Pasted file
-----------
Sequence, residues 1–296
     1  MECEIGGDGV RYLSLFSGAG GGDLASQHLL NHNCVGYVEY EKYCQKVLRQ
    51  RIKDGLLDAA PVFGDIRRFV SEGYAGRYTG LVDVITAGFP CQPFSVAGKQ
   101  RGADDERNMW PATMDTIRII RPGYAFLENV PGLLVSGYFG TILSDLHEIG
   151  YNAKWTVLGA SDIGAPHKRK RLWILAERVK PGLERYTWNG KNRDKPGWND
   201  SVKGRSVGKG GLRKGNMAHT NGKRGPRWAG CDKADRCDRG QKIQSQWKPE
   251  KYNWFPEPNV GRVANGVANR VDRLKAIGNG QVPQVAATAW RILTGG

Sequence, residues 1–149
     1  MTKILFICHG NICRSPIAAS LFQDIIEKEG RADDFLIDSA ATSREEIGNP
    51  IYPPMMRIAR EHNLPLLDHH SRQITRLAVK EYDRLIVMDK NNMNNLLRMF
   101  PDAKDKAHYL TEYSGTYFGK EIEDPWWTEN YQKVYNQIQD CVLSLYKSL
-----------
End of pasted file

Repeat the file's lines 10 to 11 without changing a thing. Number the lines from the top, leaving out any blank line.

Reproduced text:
    51  IYPPMMRIAR EHNLPLLDHH SRQITRLAVK EYDRLIVMDK NNMNNLLRMF
   101  PDAKDKAHYL TEYSGTYFGK EIEDPWWTEN YQKVYNQIQD CVLSLYKSL